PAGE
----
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Columbia TriStar Home Video presents
"Why must it fight Godzilla when they should be friends?"
DVD ReviewFamous last words: It seemed like a good idea at the time. What else can be the justification for fighting a giant monster running amok in Tokyo by building another giant monster to run amok in Tokyo? Granted, that wasn't exactly the plan, but that's pretty much how things predictably work out in this installment of the 21st-century edition of the Godzilla saga.
As usual, all previous Godzilla films except the 1954 original are conveniently discarded. Having destroyed that monster, Japan nonetheless remains ready with its Anti-Megalosaurus Force, even though there are no more megalosaurs on the horizon until one suddenly appears in a 1999 typhoon. Hotshot pilot Akane Yashira (Yumiko Shaku) freezes at a critical moment, resulting in the death of some of her comrades under Godzilla's stomping feet. But it's not entirely a waste, since in the fracas the bones of the 1954 Godzilla are discovered and samples taken. A cybernetics scientist, Dr. Yuhara (Shin Takuma), succeeds in cloning some tissue and constructs the next generation of defensive force: a cyborg version of Godzilla, or Mechagodzilla, complete with the devastating Absolute Zero Ray. But things don't go quite as planned, for Godzilla's roar awakens some primal racial memory in Mechagodzilla's cells, sending the cyborg on an even more destructive rampage than that of the original.
Yumiko Shaku is very appealing in a strong female lead, even if she is saddled with a hackneyed backstory. Shaku convincingly gives the audience a sense of desperation rooted in guilt, as well as a substantial loneliness that is frequently moving. The other notable character is Sara, the daughter of the cloning scientist, who talks to her mother through a sensitive plant that she carries with her everywhere she goes. Unlike the 1960s version of Godzilla, however, little Sara is not smarter than the adults, but mostly serves as a cheerleader and empathetic ear. The rest of the cast is pretty much cardboard, and Sara's father, Dr. Yuhara, is a caricature of a socially inept nebbish.
But anyone watching a giant rubber monster movie isn't particularly interested in character. Destruction of tiny model cities and giant monster mayhem is what's called for and this installment provides a satisfactory assortment of monster rampages and battles. The Godzilla suit this time around has a redesigned head that's much smaller than usual, with a decidedly evil leer on its face, a far cry from the "friend of all children" model of the Big G popular some 40 years ago. Of course, this Godzilla also stoops to attacking a hospital, so he's clearly in a bad temper. The suit is effective and quite detailed, and the model work is excellent, allowing the camera to use models in the foreground without calling attention to them unduly. The Mechagodzilla design is nifty, with a wild assortment of guns and rays bristling from every part of its body. There are a few good comic moments as well, such as Mechagodzilla walking straight through a building.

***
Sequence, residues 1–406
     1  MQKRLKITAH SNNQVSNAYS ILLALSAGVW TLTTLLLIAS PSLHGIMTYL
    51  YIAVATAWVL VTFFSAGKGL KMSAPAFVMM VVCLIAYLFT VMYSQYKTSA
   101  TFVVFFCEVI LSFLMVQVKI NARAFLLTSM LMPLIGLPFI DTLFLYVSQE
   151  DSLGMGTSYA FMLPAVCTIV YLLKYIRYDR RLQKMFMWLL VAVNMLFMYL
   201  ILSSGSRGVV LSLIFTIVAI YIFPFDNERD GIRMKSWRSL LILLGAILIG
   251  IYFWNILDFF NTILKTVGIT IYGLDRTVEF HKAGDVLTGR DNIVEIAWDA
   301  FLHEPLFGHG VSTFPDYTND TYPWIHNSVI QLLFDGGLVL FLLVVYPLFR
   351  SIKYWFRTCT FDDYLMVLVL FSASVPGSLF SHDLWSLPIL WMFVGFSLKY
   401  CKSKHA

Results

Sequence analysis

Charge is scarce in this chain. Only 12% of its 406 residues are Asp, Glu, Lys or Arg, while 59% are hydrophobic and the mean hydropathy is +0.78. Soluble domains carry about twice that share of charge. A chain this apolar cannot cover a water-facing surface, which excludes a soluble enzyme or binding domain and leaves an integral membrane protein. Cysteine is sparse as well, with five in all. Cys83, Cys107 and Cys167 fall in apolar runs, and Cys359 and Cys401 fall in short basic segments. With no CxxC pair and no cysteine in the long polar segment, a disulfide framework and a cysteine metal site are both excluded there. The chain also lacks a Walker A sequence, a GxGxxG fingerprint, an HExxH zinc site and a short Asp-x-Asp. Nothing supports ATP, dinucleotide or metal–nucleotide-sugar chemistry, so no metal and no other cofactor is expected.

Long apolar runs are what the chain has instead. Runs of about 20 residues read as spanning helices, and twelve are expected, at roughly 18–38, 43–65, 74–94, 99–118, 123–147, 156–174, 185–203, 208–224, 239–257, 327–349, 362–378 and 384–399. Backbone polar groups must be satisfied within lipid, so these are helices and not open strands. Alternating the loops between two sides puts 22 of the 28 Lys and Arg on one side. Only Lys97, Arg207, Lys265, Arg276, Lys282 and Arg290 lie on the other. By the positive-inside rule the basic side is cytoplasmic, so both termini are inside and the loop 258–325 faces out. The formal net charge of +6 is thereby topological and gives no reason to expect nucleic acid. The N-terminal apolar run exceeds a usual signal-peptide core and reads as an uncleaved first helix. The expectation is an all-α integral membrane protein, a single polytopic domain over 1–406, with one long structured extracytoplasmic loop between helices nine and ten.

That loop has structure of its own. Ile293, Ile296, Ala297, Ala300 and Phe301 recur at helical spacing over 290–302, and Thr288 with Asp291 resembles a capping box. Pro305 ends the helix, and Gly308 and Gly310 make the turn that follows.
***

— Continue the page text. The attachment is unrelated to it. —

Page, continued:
Directed at a brisk paced by Godzilla veteran Masaaki Tezuka, this addition to the mythos is a good deal of fun and one of the better entries in the series. New York Yankees fans will be interested in the brief appearance by their right fielder, Hideki "Godzilla" Matsui, in his old Yomiuri Giants uniform, apparently coaching some Little League kids as Godzilla stomps into Tokyo.
Rating for Style: B+
Rating for Substance: B
Image Transfer Review: The wide Tohoscope frame is used to its extremes by Tezuka, and this disc does an admirable job of representing the film. Color is excellent, and very difficult detailed patterns are rendered very well. Black levels are have good strength and solidity. Very little artifacting is noticeable, other than some mild edge enhancement, which is par for the course with Columbia.
Image Transfer Grade: A
Audio Transfer Review: I'm still finding it difficult to believe, but yes, Toho continues to license the original Japanese audio track for these new Godzilla films for American DVD. For those not inclined to read subtitles, there's an English track too. Both are presented in 5.1, and it's a very aggressive mix in both cases. Deep bass is thunderous, with Godzilla's footsteps crashing in at house-shaking levels when the disc is played at reference. The opening battle in particular will have the pets running for cover. Hiss and noise are nonexistent, as one would expect for a fairly new film. Music has excellent depth and presence, with only the slightest shrillness to the trumpets that play the main theme. Surround activity is frequent and vibrant. Nothing to complain about at all here.
Audio Transfer Grade: A
Disc ExtrasStatic menu
Scene Access with 28 cues and remote access
Subtitles/Captions in English, French with remote access
5 Other Trailer(s) featuring The Medallion, Returner, Tokyo Godfathers, Tube, Vampire Effect
Extras Review: The sole extras are some trailers with only the vaguest of connections to the feature (apparently the disc producers are under the delusion that Jackie Chan is Japanese). The English subtitles don't appear to be dubtitles; they often diverge significantly from the spoken English, which gives certain events a different meaning in the two languages. The usual 28 Columbia chapter stops are plenty adequate, though they're bunched toward the beginning, making it a bit more difficult to find favorite moments in the climactic battles.
Extras Grade: D
Final CommentsA superior entry in the series, with a very nice transfer and booming audio, but very slight on extras.
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